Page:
Hackensack River Canoe & Kayak Club

paddling for over a third of a century

Springtime in Connecticut
by Bob Rancan

May 23, 2006

The rocky streams and rivers of western Connecticut are fun to paddle in the spring. In most years, snowmelt, ground thaw and April showers make mid-March to late April the season. Not 2006: no rain fell in March and most of April's total fell in one mid-month weekend. May began with early drought warnings but in the second week lots of water came down across New England.

I made three trips to Connecticut this spring: two on the Shepaug and one on the Housatonic. We put an early April club date on the Shepaug because the water level is usually just right. This year the gauge at Peter's Dam in Woodville read 1.42 feet (59cfs), a low reading but most times downstream feeders such as the Bantam River and Bee Brook boost the flow. Our trip proved the historical record. It is called the Shepaug because to the Native Americans the term meant "rocky stream." Robyn Lowenthal and I tested the resiliency of her Prospector's hull on most of the rocks in the riverbed. I believe Phil Brown and Jason Cook found their fair share as well. Also, cold drizzle turned into some sleet and driving snow before noon. It was nice after lunch though. The other good news was that we spotted a beaver, pairs of black ducks, a Carolina wren and many groups of phoebes, probably the males migrating through together.

During the week prior to our March 13th trip to the Housatonic, I kept an eye on the gauge at Falls Village, below the hydro station. It remained below mean levels for that time of year, averaging between 860 and 880cfs. The power company releases on a "run of river" basis nowadays, meaning that there may or may not be enough water to paddle as they generate -- no more empty river/full river releases. I was concerned because there was about half of the flow of my previous trips. It began to rain on Friday morning and kept coming. By the end of the weekend there were major floods from Massachusetts to Maine and the Housatonic rose as well. It hit 1780cfs by 6PM Friday, 2530cfs around midnight and 3180 by 7AM Saturday. We were on the river at 10:45 at Housatonic Meadows State Park and the Falls Village reading was 3700cfs. It finally peaked about 3:30 at 3950cfs. But, this rocky section of river was washed out by the high water. We sped along and finished the nearly 10 miles in less than three hours paddling time. The high waves at old Swift's Bridge were impressive but we were running way above most of the boulders the rest of the time. Jeff Bowen, Harris Reinstein, Bob May, Tom DeAngelis and I had lunch on the Appalachian Trail, chatted with AT trail maintainers and heard and saw lots of birds, including yellow warblers, a northern parula, kingbirds, kingfishers and phoebes.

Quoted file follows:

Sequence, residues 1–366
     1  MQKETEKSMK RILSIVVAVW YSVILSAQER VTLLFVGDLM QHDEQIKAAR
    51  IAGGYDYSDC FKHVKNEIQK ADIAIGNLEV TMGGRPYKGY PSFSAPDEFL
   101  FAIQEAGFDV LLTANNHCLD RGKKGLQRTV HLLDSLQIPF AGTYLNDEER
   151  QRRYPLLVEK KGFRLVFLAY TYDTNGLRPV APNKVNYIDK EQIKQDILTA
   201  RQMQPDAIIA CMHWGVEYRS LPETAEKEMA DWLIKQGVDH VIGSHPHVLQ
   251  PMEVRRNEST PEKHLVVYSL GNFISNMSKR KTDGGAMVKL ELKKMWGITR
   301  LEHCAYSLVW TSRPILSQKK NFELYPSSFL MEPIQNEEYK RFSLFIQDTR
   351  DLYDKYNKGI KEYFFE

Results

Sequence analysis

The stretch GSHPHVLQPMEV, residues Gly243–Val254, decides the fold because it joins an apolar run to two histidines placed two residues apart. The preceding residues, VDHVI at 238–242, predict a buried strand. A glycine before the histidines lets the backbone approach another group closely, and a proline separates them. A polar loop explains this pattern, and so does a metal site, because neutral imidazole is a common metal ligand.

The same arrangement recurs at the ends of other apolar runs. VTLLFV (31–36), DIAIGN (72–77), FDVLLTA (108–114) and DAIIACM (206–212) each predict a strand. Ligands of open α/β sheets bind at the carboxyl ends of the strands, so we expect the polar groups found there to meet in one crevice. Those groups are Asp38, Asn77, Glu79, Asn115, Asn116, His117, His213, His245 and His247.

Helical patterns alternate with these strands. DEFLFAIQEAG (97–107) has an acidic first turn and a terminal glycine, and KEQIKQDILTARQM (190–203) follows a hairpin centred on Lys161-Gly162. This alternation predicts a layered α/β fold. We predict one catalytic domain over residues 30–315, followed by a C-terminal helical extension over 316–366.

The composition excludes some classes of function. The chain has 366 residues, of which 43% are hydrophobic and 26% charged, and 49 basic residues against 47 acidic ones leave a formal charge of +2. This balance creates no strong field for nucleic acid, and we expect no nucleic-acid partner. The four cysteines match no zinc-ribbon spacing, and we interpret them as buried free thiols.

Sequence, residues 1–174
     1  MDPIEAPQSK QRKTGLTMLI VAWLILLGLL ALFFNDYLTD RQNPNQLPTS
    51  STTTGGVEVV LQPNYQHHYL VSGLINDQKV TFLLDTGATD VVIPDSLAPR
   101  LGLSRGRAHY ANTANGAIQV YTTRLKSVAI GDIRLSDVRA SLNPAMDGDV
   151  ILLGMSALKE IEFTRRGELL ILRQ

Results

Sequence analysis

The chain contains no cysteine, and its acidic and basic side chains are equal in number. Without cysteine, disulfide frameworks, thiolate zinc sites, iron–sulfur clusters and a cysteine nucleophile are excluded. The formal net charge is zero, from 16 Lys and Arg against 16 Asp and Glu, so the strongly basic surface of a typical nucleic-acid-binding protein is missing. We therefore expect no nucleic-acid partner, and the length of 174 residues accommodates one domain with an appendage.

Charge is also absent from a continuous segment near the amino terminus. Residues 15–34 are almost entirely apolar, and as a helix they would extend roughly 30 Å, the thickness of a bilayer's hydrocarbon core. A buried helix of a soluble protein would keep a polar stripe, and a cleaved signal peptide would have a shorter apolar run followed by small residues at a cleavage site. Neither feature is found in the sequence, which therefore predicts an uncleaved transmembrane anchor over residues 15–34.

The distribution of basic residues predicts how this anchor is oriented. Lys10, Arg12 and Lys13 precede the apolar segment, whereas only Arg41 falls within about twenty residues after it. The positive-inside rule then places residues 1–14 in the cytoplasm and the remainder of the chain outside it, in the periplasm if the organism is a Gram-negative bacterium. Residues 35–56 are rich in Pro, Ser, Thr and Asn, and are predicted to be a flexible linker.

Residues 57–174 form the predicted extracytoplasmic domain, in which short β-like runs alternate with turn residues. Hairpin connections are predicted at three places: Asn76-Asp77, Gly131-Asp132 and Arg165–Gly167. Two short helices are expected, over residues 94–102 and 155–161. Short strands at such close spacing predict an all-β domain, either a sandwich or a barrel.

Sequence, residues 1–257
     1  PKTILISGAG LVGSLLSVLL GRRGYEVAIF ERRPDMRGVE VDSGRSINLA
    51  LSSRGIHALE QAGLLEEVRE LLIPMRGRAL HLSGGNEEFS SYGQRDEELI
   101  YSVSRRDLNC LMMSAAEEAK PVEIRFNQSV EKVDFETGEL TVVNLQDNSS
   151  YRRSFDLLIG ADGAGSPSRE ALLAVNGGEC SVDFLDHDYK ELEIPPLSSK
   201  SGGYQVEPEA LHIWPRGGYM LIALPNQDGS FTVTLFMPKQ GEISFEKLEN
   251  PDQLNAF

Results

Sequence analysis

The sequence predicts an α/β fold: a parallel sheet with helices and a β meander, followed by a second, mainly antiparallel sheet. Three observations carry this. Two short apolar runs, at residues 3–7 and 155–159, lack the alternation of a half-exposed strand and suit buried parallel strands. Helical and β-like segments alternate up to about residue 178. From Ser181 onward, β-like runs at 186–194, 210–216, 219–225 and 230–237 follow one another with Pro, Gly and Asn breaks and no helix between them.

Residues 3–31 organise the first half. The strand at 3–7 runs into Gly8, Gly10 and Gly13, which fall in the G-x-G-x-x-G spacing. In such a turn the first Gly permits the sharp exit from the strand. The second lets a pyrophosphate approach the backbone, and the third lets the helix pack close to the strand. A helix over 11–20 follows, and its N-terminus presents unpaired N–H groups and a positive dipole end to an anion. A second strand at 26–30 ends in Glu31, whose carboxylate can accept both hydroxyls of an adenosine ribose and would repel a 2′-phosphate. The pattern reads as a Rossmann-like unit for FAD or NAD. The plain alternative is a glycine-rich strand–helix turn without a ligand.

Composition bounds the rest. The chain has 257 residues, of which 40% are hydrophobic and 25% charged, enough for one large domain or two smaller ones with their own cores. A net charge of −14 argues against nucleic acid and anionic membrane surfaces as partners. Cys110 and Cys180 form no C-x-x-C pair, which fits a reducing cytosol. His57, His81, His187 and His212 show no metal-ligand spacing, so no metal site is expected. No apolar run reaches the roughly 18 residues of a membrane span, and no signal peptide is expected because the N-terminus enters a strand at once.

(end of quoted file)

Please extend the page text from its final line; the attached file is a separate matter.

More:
It kept raining so Bob May, Michelle Paradiso and I went back to Connecticut the following week. On May 20th, with high water (2.27 - 289cfs) at Peter's Dam, we put in the Bantam River at Romford and went through the Class II section of the Shepaug and down through the Washington to Roxbury run, about 14 miles in all. The first part was fast with bigger waves than I had experienced there before. We moved along too quickly to birdwatch but there was lots of activity. At lunch, I had an ovenbird, veery, wood thrushes and a magnificent scarlet tanager. Yellow warblers, phoebes, kingbirds, Baltimore orioles and Common mergansers filled the riverbanks in the afternoon.

At 73 and 84 miles from my home, these western Connecticut streams are fine destinations for me. It all depends on rainfall but when things are right, the New England scenery, Litchfield Hills and farmsteads make these places my favorites.